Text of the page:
Two of the world's biggest seed makers, Syngenta AG and Dow
AgroSciences, are responding with tightly controlled U.S. launches
of new GMO seeds, telling farmers where they can plant new corn and
soybean varieties and how can the use them. Bayer CropScience told
Reuters it has decided to keep a new soybean variety on hold until
it receives Chinese import approval.
Beijing is taking longer than in the past to approve new GMO crops,
and Chinese ports in November 2013 began rejecting U.S. imports
saying they were tainted with a GMO Syngenta corn variety, called
Agrisure Viptera, approved in the United States, but not in China.
The developments constrain launches of new GMO seeds by raising
concerns that harvests of unapproved varieties could be accidentally
shipped to the world's fastest-growing corn market and denied entry
there. It also casts doubt over the future of companies' heavy
investments in research of crop technology.
The stakes are high. Grain traders Cargill Inc [CARG.UL] and Archer
Daniels Midland Co, along with dozens of farmers, sued Syngenta for
damages after Beijing rejected Viptera shipments, saying the seed
maker misrepresented how long it would take to win Chinese approval.
In the weeks since Cargill first sued on Sept. 12, Syngenta's stock
has touched a three-year low. ADM in its lawsuit last week alleged
the company did not follow through on plans for a controlled launch
of Viptera corn.
Syngenta says the complaints are unfounded.
Bayer, told by Beijing in September that the new soybean seed, LL55,
had not been approved for imports, says it will keep on trying,
seven years after the company first filed its request. In the
meantime, it will withhold the new seed. China granted its last
import approval for any GMO grain in June 2013.
TEN YEAR EFFORT
"Our objective is to get the approval and the clearance from the
Chinese authorities so that we can go into a full commercial launch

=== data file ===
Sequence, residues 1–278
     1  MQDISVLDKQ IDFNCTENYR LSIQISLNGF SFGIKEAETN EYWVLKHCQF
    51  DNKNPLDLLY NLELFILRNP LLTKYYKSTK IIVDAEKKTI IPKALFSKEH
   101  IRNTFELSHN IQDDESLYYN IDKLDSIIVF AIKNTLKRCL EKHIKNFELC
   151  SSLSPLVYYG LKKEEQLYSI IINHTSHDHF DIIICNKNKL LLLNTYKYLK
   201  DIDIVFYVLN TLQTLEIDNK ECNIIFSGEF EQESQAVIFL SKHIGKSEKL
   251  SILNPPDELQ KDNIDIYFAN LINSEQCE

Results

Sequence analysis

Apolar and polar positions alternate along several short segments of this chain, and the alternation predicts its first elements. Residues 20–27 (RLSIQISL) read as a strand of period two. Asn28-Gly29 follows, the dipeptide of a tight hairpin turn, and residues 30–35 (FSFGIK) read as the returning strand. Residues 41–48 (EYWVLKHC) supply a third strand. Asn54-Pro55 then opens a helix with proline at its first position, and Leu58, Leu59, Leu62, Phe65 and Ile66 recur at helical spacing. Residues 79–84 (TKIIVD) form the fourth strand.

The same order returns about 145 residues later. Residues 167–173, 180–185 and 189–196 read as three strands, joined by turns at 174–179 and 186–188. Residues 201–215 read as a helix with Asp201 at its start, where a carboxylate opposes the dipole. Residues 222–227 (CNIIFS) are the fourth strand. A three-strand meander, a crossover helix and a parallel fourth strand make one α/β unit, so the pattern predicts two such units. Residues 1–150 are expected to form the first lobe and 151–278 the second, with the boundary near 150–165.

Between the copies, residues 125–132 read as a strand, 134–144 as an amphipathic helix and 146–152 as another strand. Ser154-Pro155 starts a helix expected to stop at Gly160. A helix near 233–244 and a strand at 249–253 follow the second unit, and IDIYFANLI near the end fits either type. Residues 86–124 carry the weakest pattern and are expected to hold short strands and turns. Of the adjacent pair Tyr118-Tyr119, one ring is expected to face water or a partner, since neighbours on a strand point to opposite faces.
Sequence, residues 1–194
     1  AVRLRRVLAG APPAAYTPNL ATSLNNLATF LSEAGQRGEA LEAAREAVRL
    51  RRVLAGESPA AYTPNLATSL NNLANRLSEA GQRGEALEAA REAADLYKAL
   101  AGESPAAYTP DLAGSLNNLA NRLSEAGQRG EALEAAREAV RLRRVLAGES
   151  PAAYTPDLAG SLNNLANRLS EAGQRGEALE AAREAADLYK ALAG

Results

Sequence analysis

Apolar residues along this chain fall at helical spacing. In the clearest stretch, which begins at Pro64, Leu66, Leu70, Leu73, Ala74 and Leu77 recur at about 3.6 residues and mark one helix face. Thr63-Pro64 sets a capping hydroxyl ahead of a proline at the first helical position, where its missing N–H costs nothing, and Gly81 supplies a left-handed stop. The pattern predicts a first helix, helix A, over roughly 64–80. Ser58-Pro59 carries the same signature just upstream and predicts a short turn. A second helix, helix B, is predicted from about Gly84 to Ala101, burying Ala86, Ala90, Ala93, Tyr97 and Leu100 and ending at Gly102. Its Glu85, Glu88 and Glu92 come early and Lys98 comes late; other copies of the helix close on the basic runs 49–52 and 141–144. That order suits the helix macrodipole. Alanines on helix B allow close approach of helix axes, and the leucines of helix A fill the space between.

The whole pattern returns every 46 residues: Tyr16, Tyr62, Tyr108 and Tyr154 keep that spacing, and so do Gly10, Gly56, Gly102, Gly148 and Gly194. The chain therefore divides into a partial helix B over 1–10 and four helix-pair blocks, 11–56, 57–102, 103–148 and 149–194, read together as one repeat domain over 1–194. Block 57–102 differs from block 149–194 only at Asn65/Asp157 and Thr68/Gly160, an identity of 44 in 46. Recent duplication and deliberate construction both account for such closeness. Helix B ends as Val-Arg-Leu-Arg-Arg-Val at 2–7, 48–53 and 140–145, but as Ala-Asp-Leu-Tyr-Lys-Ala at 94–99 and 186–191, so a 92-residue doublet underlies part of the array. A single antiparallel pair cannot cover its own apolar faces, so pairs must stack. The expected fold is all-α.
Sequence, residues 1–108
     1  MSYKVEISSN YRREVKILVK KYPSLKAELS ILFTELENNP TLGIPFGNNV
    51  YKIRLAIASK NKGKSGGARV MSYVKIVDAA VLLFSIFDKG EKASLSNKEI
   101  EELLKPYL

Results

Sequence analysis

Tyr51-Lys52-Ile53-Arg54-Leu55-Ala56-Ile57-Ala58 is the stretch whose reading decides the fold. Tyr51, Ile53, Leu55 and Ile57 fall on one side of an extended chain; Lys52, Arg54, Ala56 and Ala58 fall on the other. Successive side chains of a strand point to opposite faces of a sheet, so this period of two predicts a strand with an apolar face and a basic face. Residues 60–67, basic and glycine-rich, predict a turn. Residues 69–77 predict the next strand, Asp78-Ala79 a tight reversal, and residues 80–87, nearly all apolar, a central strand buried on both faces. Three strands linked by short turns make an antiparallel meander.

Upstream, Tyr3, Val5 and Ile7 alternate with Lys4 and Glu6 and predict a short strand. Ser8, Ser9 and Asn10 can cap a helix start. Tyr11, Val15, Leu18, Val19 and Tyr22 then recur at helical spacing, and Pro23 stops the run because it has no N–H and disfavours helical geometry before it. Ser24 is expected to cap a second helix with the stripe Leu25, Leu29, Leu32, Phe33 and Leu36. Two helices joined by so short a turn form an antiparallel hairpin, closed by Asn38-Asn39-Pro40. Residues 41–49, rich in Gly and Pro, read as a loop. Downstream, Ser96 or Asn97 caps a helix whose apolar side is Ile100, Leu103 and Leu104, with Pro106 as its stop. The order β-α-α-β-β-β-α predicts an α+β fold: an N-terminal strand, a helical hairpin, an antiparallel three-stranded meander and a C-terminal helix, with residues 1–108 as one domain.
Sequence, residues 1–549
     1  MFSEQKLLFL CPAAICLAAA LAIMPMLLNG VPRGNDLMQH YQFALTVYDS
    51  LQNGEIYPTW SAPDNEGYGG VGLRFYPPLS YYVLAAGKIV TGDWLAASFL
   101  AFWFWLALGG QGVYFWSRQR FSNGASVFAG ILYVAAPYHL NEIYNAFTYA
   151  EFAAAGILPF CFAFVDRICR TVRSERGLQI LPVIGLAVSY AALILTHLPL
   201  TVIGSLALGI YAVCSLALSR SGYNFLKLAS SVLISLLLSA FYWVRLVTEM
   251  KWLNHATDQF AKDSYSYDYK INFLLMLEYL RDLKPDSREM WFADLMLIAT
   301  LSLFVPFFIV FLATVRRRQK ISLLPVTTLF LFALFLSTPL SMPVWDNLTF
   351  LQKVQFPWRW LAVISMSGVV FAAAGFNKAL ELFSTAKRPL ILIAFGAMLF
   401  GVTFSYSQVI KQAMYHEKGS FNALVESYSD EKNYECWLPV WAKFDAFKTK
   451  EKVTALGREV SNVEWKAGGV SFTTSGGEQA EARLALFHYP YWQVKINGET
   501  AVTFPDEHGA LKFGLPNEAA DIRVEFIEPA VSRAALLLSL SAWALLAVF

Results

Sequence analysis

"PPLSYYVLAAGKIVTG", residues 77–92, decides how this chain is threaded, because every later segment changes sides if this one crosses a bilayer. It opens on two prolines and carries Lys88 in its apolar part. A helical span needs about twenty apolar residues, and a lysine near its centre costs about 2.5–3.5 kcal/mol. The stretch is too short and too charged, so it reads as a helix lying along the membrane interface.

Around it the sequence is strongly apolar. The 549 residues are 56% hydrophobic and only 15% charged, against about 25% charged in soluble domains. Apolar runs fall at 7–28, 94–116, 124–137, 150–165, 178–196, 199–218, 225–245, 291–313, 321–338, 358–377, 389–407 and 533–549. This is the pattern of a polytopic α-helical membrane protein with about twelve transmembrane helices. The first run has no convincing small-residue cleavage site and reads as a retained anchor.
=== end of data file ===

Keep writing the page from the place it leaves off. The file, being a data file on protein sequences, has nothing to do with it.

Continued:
as soon as possible," said Frank Terhorst, global head of seeds for
It can take up to 10 years and $150 million to develop new GMO seeds
and further delays in Chinese approvals will raise concerns about
Bayer's future investment in new GMO products, Terhorst said.
The slowdown in Beijing's regulatory process comes amidst growing
consumer sentiment against GMO food in China and concerns amongst
some government officials about excessive dependence on U.S. food
China is a key market for the $12 billion U.S. agricultural seeds
business and for global grain traders and accounted for nearly 60
percent of U.S. soybean exports and 12 percent of corn exports two
years ago. Nearly 90 percent of corn in the United States is
genetically engineered, according to the U.S. Department of
Agriculture, as farmers embrace technology that helps kill weeds and
It is a common practice to mix different corn varieties in storage
and during transportation, so a lack of approval for one GMO variety
can put at risk of rejection large shipments that include approved
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The controlled releases by Dow and Syngenta aim to bring new GMO
seeds to the U.S. market while assuring U.S. farmers and exporters
that the harvests will not be rejected by countries that have not
approved the GMO grain.
Dow AgroSciences this month said it will limit sales of its new
genetically modified corn and soybeans next year while it waits for
China's approval. Farmers who grow the new Enlist corn must maintain
isolation areas around their fields, use the corn only as livestock
feed, and submit to audits of their compliance.
When Syngenta released its Agrisure Duracade corn this year, which
is approved in the United States but not by China, it contracted
grain handler Gavilon, owned by Japanese trading house Marubeni
Corp, to oversee the launch. Gavilon assigned as many as six workers
at its Omaha headquarters to keep Duracade out of markets where it
had not been cleared, said Greg Konsor, general manager for grain
At harvest, growers have to fill out canary-yellow tracking
agreements where they identify themselves, their trucking firms and
the destinations for their Duracade corn. The bright color is meant
to tell buyers the shipments require special attention.
Iowa farmer Gary Vetter said that after he planted 240 acres of
Duracade last spring, he received calls and certified mail from
Gavilon checking on his compliance with restrictions aimed to keep
the grain out of unapproved markets.
"No matter what, they want to know where the corn goes," he said.
Controlled launches, however, are at best a temporary fix because
they are costly, complicated and risk accidental contamination of
other export grains, said Jim Sutter, chief executive of the U.S.
Soybean Export Council.
"The long-term solution is to work with our partners in China and
build confidence in the process in the way we want it to work," he
said. "Easier said than done."
(Additional reporting by Niu Shuping in Beijing; Editing by David
Greising and Tomasz Janowski)
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